Over the Line? Critics Conflicted on Steroids Crusader

The detective and the scientist are hard to miss.

It's Oct. 23, 2003, and IRS special agent Jeff Novitzky stands outside a 10th-floor courtroom in downtown San Francisco. At a lanky 6'7" with a shaved head, he towers over Dr. Don Catlin, the bushy-eyebrowed director of UCLA's Olympic Analytical Lab. The two are continuing a conversation started a year earlier, when Novitzky cold-called the researcher with questions about syringes and drug vials he'd found in a dumpster behind a Bay Area supplement company called Balco.

There is much to talk about. Since that first call, Novitzky gathered enough evidence to haul Barry Bonds, Jason Giambi and another two dozen Balco athletes into the San Francisco courthouse to face questions about steroid use from a federal grand jury. Catlin, whose doping cries have fallen on deaf ears for two decades, is his expert witness.

It's a break in the hearings and Novitzky is making small talk with Catlin in the hallway. He says he's enjoyed a decade working fraud and drug crimes for the IRS. And he talks about how much he loves the quiet life he's carved out in his hometown of Burlingame, 20 miles outside San Francisco. But he never expected his career to turn like this, and now he's rethinking his future.

"Do you think there is anything for me in the anti-doping world?" Novitzky asks Catlin.

The scientist considers the question. All he could do was pass an athlete's urine through his tests and hope to catch a few of the liars and cheats. His new friend could raid homes, tap phones and search through bank accounts. And if you lied to him, he could put you in jail.

"Stay where you are," Catlin answers. "I think you're onto something big."

Catlin couldn't have imagined how right he was -- or where it would all lead. Less than six years later, Novitzky's ongoing investigation has brought down Bonds, Roger Clemens and Alex Rodriguez, the three most important players of their generation. It has imperiled the reign of Commissioner Bud Selig and re-opened his war with Don Fehr and the union. And it's left another 103 major-leaguers who tested positive for steroids in 2003 checking to see if Novitzky will be coming after them, too.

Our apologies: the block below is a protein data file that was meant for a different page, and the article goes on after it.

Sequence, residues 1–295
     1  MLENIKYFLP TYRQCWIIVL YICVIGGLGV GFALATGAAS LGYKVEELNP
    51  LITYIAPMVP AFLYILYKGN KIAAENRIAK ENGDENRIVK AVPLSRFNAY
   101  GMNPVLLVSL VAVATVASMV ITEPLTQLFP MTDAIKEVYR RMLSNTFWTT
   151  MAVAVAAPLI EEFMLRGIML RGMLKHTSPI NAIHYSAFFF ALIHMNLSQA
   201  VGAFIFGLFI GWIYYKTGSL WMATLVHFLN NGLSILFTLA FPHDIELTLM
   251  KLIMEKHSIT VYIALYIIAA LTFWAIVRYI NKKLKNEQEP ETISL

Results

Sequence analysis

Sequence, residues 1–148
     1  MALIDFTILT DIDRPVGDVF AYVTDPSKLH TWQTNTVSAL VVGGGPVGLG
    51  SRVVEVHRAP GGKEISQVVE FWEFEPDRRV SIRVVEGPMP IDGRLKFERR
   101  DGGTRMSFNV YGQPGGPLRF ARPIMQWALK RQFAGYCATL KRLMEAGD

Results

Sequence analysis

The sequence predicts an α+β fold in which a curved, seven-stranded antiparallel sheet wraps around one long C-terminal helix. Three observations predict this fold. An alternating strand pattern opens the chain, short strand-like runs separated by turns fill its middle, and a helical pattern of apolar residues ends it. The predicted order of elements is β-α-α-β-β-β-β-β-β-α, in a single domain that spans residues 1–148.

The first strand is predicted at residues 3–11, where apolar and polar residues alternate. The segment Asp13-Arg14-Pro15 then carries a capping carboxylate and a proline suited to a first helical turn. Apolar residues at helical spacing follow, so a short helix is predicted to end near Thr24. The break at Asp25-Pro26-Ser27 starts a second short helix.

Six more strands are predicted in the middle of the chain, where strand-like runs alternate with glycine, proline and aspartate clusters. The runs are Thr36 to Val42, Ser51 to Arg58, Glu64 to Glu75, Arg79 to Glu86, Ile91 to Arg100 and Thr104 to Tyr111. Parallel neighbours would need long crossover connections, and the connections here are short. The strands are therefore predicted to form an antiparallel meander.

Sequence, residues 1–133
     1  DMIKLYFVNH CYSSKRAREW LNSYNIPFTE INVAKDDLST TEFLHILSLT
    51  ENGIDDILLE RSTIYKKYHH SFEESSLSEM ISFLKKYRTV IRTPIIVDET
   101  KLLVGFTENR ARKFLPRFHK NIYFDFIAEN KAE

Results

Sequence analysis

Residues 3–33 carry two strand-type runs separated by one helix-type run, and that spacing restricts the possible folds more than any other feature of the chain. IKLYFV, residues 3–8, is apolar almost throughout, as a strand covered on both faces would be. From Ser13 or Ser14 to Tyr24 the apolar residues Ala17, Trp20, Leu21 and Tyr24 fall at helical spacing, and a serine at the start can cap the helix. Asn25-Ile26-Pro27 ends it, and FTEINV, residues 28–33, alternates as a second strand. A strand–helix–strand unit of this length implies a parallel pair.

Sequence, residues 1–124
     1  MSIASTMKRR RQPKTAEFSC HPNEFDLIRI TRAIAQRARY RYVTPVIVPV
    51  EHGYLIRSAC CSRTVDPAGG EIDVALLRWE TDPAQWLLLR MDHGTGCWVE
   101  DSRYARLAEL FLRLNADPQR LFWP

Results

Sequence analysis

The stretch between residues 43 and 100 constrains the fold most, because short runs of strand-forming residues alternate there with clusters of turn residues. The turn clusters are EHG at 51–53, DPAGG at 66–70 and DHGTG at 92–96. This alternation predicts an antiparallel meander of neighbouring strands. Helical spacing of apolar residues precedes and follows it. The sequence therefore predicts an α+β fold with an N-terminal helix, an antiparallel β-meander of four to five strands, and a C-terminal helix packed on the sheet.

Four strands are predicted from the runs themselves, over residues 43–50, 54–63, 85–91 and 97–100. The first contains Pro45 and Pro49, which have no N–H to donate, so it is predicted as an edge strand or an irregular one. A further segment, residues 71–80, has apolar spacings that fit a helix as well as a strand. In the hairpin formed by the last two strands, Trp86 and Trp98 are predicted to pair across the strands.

Sometime in the next few months, Jeff Novitzky will walk back into the same 10th floor courtroom, raise his right hand and swear to tell the truth in the case of the United States v. Barry Lamar Bonds. He will say that Bonds lied in that same courthouse five years ago when he told the grand jury he never knowingly took steroids. And then he'll wait for the jury to decide if baseball's home run king was telling the truth.

But no matter what the jury decides -- and face it, most of us have already made up our minds about Bonds -- it is clear that the detective and his gun has replaced the scientist and his test tube. What isn't clear is whether Jeff Novitzky is part of the solution -- or if he's now the bigger part of the problem.

The Unlikely Investigator

There is nothing about Novitzky's life before Balco that suggests a man destined to direct the biggest investigation in sports history. Or one who would crave or abuse power. He grew up the son of a Bay Area hoops coach, a basketball and track star who still owns the San Mateo County high jump record of 7 feet. Coming out of high school in 1985, he tried out for Lute Olson's Arizona University basketball team. When he fell short, Novitzky returned home to play backup forward and teammate to his big brother at San Jose State.

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